Research: Which big dollar purchases consumers are delaying

3 Comments | This entry was posted in Marketing

In an ongoing effort to understand how consumers continue to adapt to the recession, we recently asked BIGresearch to explore with consumers what “big ticket” purchases they have either put off – or may never make at all. While tighter purse strings are a given these days, the results illustrate how priorities differ across consumer segments. The overall good news: retailers in the business of selling big ticket items can take heart, even if they have to be patient as some consumers delay some of those purchases for now.

A side note: unlike many of the studies that Shop.org commissions, this survey is not specific to the Web. However, the results are entirely relevant to online retailers as consumers increasingly shop across channels. (For the flip side of the coin, I recommend reading also the list of consumer “untouchables”(i.e. what they absolutely won’t give up) that STORES magazine published in this month’s issue.)

So – we first asked consumers “As a result of the recession, which of the following major (big dollar) purchases are you waiting to make?” Top of the list: vacation travel, which over a third of consumers is putting off for now, with women taking a somewhat harder line than men on this luxury. Interestingly, income doesn’t seem to be the only deciding factor on this item – somewhat more high income earners ($50+K per annum) are putting off vacations than are those consumers earning less.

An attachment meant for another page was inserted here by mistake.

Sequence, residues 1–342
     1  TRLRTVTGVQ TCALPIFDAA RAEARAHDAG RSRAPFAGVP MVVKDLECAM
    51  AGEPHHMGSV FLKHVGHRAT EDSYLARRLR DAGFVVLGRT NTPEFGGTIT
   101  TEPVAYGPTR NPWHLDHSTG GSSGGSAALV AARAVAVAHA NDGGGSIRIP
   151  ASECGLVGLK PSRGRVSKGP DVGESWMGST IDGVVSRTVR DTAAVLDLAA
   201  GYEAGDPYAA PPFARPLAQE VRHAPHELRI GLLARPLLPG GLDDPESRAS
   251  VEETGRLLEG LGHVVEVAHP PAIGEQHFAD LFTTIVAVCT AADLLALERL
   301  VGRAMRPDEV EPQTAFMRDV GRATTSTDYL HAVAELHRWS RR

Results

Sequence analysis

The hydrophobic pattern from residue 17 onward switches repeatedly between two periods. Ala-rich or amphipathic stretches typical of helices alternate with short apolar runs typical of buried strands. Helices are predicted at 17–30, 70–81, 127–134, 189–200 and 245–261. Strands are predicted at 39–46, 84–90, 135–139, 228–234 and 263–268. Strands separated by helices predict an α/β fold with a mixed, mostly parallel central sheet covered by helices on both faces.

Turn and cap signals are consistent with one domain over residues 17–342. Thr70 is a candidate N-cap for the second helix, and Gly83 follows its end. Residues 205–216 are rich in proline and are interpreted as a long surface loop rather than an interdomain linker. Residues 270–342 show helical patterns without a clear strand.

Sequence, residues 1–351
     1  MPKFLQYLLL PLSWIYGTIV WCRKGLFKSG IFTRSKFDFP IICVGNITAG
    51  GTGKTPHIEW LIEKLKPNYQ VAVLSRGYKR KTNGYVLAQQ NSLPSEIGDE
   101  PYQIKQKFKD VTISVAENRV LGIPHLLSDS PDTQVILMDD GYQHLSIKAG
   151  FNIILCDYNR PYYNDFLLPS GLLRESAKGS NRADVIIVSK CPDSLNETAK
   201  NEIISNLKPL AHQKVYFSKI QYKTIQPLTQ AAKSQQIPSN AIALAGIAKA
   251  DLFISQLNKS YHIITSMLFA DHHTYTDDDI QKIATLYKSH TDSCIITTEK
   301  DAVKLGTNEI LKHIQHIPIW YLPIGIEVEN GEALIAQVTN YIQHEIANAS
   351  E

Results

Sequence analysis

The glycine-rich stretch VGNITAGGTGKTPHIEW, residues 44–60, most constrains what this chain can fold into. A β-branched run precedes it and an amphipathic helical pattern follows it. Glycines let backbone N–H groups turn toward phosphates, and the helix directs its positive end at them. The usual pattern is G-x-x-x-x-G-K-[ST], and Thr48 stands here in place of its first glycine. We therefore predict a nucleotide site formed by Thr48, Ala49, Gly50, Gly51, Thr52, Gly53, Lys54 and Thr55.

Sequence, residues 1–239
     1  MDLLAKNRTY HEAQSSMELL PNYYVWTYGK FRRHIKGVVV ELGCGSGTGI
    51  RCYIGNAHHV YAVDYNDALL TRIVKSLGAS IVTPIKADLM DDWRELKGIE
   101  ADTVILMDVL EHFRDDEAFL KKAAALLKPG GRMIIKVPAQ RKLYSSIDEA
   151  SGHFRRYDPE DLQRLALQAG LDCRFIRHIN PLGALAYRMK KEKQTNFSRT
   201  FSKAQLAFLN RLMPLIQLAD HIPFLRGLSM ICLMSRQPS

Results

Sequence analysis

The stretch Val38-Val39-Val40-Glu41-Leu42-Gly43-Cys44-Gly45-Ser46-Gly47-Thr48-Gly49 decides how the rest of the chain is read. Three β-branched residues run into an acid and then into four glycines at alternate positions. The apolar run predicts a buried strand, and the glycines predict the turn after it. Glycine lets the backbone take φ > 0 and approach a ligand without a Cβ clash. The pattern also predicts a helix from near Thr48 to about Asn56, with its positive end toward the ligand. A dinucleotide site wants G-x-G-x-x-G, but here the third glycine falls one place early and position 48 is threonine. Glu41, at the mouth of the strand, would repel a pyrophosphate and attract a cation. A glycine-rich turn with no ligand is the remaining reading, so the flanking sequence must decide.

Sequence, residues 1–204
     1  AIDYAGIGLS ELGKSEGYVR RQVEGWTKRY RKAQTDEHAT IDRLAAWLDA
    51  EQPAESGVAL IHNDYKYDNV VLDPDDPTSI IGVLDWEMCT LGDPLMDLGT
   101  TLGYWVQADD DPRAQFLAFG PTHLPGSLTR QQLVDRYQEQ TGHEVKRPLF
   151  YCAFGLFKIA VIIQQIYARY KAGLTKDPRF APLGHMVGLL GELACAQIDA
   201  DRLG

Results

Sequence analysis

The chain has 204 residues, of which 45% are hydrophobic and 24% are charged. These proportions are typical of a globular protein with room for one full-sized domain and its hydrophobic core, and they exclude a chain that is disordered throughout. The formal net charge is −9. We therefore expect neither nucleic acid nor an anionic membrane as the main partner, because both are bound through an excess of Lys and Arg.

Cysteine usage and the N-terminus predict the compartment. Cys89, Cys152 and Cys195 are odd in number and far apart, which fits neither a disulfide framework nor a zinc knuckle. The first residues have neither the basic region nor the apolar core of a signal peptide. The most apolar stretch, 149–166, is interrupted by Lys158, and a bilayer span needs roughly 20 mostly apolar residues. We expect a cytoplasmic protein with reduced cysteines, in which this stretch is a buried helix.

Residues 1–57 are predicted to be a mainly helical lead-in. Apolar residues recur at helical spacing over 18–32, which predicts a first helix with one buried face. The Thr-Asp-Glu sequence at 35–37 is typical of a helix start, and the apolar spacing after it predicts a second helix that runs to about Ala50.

Next on the chopping block for approximately one quarter of consumers: major home improvement or repair projects (the irony here being that some contractors likely now have more time to return calls and maybe even negotiate, unlike in boom years past), furniture, a TV, a computer, and home appliances. Again, consumer segments reveal some differences for each of these. For example, 29% of 18 to 34 year olds are waiting to buy a new computer (presumably the old one works fine?) but just 17% of consumers aged 55 and older are putting off this purchase. Ditto for furniture. A quarter of consumers earning less than $50K per year is putting off buying a new TV, compared with one fifth of those earning more (perhaps the latter already bought a great TV not long before the economy took a tumble?).

What about purchases that consumers had in mind to purchase at some point but now think they may never make at all? Overall, vacation travel (25%) and major home improvements / repairs (20.3%) appear furthest out of reach for some consumers. Perhaps not surprisingly, one quarter of consumers aged 18 to 34 think they may never buy a house, more so than all other age groups. The good news: overall, few consumers seem to think they’ll never be able to buy new big ticket items such as consumer electronics (e.g. a digital camera, a DVD player, etc.), jewelry, furniture, and the like – even if a few are putting off those purchases for the immediate time.